Industrial & Medical Technology

Video: New Speeds and Scales Attained by Emerging 3D Printing Technologies

26 January 2018

Additive manufacturing — also referred to as 3D printing — has advanced past initial applications involving production of plastic prototypes for engineers and designers. Medical implants and prosthetics are now being 3D printed, and fabrication of 3D models of organs helps surgeons prepare for complex procedures. The technology is being tapped by the military: The U.S. Army and Marines have developed an on-demand printing system with a suite of tools that allows soldiers to enter mission parameters and then get a 3D-printed aviation asset within 24 hours.

A selective laser sintering 3D process is being used to manufacture aircraft cabin components. How about historical reconstruction? The bones of the first king of Denmark have been replicated from 3D scans. Construct a house in a matter of hours? There’s a 3D printing system (actually, a robot) for that, too.

The adoption of 3D printing by virtually every sector — including the DIY and maker-space arenas — has spurred advances in the technology enabling faster fabrication, use of different materials and reduced product post-processing.

One example is the patented augmented polymer deposition (APD) 3D printing technology developed by Woburn, Massachusetts-based Rize. The process combines two discrete technologies, fused deposition modeling (FDM) and piezo jetting, to simultaneously extrude medical- and engineering-grade thermoplastic and jet selective additives at each voxel (3D pixel) wherever needed to change the material’s characteristics.

The Rize™ One hybrid printer. Source: RizeThe Rize™ One hybrid printer. Source: RizeA notable benefit of this method is that unlike most 3D- printing techniques, APD requires very little post-processing. Once a part comes off the print bed, support structures are easily removed by hand. The method revolves around the use of the Rize™ One hybrid printer, a proprietary thermoplastic filament, Rizium™ One, and Release One functional ink, which is jetted where needed between the part and its support structure to weaken the bond between these two layers. The company promises a fume-free, fast turnaround time for proof of concept prototypes, functional prototypes, end-use production parts, customized tooling, and fixtures and jigs for manufacturing.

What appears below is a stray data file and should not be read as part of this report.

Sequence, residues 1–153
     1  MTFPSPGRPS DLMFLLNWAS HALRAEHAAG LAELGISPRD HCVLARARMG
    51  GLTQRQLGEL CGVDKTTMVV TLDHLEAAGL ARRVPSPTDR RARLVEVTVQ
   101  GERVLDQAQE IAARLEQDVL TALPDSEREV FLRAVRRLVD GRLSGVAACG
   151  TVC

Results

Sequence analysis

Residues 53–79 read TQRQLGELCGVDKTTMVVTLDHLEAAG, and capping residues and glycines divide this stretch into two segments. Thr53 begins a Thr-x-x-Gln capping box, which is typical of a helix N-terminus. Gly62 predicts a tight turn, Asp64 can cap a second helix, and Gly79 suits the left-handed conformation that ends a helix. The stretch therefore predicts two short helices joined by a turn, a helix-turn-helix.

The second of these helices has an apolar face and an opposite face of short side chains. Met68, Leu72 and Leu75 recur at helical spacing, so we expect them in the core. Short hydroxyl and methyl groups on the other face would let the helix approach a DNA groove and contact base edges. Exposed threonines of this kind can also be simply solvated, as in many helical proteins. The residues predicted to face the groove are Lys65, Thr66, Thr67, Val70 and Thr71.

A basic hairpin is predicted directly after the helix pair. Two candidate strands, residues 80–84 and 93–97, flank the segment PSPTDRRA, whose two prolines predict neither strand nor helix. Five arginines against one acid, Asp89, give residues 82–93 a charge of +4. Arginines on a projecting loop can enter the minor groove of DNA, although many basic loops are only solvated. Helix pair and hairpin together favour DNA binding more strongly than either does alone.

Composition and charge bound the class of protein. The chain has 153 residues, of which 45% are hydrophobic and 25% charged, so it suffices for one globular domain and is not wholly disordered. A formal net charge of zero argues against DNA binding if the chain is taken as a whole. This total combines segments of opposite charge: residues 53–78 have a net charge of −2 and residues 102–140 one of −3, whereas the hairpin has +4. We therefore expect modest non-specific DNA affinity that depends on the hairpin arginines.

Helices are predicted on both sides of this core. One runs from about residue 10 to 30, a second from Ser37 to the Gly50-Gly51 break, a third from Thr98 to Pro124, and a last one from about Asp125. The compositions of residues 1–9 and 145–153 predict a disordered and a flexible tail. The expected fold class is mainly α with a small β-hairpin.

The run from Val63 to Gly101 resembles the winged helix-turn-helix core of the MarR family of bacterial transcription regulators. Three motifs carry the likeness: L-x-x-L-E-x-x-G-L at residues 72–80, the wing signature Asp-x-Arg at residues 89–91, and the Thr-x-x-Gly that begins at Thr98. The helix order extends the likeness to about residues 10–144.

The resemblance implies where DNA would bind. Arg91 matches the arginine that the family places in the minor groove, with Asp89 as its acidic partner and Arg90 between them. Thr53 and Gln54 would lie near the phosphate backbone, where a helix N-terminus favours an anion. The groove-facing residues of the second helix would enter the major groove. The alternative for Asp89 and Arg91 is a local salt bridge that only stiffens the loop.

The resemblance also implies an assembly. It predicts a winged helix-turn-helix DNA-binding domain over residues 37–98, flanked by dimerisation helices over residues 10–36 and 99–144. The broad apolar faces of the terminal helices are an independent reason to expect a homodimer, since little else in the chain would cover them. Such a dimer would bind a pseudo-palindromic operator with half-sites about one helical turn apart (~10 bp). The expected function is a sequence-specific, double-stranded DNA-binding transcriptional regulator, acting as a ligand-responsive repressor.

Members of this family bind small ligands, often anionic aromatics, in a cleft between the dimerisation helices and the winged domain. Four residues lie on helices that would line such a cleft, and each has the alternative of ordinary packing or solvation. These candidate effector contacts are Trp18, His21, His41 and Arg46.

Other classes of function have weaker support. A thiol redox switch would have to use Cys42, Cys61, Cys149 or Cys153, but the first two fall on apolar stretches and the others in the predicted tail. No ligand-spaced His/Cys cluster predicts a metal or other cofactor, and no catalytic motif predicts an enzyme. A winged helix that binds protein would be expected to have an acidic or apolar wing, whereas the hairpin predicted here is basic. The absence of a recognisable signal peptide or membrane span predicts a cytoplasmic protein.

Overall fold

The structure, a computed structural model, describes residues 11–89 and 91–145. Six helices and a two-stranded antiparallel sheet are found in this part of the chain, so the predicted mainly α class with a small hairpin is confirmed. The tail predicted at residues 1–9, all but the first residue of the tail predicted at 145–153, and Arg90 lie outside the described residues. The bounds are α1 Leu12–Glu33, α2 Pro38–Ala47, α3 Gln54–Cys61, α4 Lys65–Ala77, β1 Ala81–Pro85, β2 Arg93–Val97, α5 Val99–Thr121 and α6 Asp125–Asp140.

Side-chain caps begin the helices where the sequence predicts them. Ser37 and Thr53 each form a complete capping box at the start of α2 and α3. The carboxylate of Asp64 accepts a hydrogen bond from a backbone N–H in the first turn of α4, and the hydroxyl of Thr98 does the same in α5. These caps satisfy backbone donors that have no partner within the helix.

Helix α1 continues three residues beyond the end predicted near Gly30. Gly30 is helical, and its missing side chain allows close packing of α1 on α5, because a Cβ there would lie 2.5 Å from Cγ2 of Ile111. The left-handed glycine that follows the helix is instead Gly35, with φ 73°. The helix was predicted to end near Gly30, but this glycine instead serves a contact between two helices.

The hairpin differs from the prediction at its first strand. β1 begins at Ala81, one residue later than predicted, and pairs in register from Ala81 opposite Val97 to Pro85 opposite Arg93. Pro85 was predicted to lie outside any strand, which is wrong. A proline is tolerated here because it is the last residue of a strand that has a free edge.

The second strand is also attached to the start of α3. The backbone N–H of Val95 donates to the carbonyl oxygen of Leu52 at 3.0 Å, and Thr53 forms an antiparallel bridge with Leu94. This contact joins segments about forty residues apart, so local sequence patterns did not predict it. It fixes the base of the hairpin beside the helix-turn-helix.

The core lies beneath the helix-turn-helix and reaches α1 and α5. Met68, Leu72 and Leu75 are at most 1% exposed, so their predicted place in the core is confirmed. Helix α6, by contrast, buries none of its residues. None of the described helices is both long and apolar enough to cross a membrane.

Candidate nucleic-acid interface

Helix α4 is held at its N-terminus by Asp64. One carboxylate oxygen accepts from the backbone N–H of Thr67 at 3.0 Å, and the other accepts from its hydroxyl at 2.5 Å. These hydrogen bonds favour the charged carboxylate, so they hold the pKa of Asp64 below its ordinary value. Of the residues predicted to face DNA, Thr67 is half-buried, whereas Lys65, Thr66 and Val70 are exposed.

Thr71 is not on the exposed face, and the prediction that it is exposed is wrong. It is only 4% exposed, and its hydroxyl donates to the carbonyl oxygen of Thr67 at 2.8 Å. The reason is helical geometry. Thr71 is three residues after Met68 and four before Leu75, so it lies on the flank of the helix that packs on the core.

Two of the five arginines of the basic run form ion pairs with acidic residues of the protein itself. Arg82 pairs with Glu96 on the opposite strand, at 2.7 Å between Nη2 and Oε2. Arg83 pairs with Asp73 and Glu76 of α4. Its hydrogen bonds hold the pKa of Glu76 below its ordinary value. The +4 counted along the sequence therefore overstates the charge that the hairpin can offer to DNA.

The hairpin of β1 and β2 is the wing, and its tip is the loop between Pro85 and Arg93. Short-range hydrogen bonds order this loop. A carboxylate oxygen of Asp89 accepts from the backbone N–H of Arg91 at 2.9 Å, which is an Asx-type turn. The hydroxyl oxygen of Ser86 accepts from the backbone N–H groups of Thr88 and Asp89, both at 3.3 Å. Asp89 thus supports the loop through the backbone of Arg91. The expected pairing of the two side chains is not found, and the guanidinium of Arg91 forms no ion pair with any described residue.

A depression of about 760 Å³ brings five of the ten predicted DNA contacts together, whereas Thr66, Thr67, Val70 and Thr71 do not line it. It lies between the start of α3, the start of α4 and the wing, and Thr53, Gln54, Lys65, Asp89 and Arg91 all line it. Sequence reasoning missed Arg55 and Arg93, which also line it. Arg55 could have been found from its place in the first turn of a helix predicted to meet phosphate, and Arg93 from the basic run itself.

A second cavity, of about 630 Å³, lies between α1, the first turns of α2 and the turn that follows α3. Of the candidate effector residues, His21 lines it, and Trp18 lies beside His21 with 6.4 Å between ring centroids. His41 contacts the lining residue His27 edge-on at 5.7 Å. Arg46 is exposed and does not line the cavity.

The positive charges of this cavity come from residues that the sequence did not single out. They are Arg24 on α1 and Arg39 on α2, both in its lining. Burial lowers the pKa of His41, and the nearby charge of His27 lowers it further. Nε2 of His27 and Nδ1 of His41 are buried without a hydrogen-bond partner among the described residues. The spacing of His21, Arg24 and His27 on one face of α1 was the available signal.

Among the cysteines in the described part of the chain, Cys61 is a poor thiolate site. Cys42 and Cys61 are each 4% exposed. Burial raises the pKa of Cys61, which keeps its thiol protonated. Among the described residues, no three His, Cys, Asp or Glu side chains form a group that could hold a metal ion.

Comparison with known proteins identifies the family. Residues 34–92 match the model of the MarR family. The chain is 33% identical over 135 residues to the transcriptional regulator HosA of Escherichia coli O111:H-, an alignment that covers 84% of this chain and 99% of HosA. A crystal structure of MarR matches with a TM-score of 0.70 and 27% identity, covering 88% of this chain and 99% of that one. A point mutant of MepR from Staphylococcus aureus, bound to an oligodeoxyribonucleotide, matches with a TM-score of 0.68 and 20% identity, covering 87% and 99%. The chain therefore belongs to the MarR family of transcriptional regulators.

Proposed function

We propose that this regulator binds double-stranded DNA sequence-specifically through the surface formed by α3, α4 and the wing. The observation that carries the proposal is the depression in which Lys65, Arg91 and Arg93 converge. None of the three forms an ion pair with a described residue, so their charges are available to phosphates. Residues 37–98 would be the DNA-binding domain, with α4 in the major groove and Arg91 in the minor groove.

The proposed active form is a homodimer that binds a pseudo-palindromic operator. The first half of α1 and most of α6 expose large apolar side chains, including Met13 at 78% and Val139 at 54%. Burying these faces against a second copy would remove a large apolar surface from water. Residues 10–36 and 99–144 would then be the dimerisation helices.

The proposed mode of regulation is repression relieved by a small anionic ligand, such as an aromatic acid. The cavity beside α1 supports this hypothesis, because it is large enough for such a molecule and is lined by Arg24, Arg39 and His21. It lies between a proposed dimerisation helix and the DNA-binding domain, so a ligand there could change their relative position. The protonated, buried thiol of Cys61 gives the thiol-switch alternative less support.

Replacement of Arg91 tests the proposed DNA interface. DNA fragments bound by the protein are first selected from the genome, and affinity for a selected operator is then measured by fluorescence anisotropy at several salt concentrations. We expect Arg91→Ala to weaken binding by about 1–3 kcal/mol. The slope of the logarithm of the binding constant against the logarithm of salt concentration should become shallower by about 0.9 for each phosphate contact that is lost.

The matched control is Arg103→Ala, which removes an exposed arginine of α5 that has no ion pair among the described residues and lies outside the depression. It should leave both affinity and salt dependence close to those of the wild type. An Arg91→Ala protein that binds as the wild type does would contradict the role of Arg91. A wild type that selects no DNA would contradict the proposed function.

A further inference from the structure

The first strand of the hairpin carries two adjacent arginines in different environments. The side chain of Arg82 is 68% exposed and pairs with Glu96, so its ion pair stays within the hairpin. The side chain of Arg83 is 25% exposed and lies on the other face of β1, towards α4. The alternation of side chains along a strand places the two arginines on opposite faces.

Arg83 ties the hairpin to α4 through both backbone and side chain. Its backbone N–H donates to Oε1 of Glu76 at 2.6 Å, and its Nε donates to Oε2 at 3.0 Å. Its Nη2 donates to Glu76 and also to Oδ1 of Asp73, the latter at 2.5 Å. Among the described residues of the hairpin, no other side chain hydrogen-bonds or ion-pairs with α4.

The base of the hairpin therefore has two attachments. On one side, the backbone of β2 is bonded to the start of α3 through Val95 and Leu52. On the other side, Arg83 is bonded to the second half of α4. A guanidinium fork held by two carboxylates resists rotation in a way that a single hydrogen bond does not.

Are you planning to sport a pair of Futurecraft 4D running shoes, a soon-to-hit-the-market offering from Adidas? The shoes are being manufactured by Redwood City, California-based Carbon, a company bent on making 3D printing a viable manufacturing method for large-scale production across industries.

The company developed its continuous liquid interface production (CLIP) method as a photochemical process that exploits light and oxygen to rapidly produce objects from a pool of resin. CLIP is applied in concert with a digital light synthesis (DLS) scheme that uses digital light projection, oxygen permeable optics and programmable liquid resins to produce parts with excellent mechanical properties, resolution and surface finish.

Objects can be printed up to 10 times faster than with other 3D systems. Instead of printing an object layer Schematic of CLIP. Source: CarbonSchematic of CLIP. Source: Carbonby layer from the top down like traditional additive 3D printers, Carbon’s process is continuous and starts from the bottom. The use of liquid resin material also allows for a much more flexible final product compared to the material used by traditional 3D printers.

Traditional additive approaches to photo polymerization typically produce weak, brittle parts. Carbon overcomes this by embedding a second heat–activated programmable chemistry into materials, resulting in high–resolution parts with engineering–grade mechanical properties.

The method projects light through an oxygen-permeable window into a reservoir of UV-curable resin, and as a sequence of UV images is projected, the part solidifies and the build platform rises.

The core of CLIP is the “dead zone” — a thin, liquid interface of uncured resin between the window and the printing part. Light passes through this region, curing the resin above it to form a solid part. Resin flows beneath the curing part as the print progresses, maintaining the continuous liquid interface that powers CLIP. After printing, a part is baked in a forced-circulation oven. Heat sets off a secondary chemical reaction that causes the materials to adapt and strengthen.

CLIP’s footprint has been expanded into medical, dental and consumer electronics — most recently development of protective solutions for mobile devices.

These and other emerging 3D-printing options promise to lend themselves to a wider range of materials and applications, and speed up production whether on terra firma or elsewhere.

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